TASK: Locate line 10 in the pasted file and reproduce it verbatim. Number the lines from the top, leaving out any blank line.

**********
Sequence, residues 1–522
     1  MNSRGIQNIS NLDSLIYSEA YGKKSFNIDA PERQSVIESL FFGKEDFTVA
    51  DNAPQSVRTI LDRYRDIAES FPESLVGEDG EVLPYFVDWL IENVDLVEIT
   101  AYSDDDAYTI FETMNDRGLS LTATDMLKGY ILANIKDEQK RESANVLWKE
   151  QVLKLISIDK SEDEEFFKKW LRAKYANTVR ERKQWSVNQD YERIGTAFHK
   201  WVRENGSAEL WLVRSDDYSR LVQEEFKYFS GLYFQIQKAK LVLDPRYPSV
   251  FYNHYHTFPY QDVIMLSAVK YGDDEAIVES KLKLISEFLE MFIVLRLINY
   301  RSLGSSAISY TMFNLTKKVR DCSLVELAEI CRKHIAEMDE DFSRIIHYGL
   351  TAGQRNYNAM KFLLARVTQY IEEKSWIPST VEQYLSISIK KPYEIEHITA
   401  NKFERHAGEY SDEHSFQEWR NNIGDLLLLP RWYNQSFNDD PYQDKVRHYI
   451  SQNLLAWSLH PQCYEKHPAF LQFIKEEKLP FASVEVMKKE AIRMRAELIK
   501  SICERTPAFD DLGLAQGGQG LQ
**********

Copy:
   401  NKFERHAGEY SDEHSFQEWR NNIGDLLLLP RWYNQSFNDD PYQDKVRHYI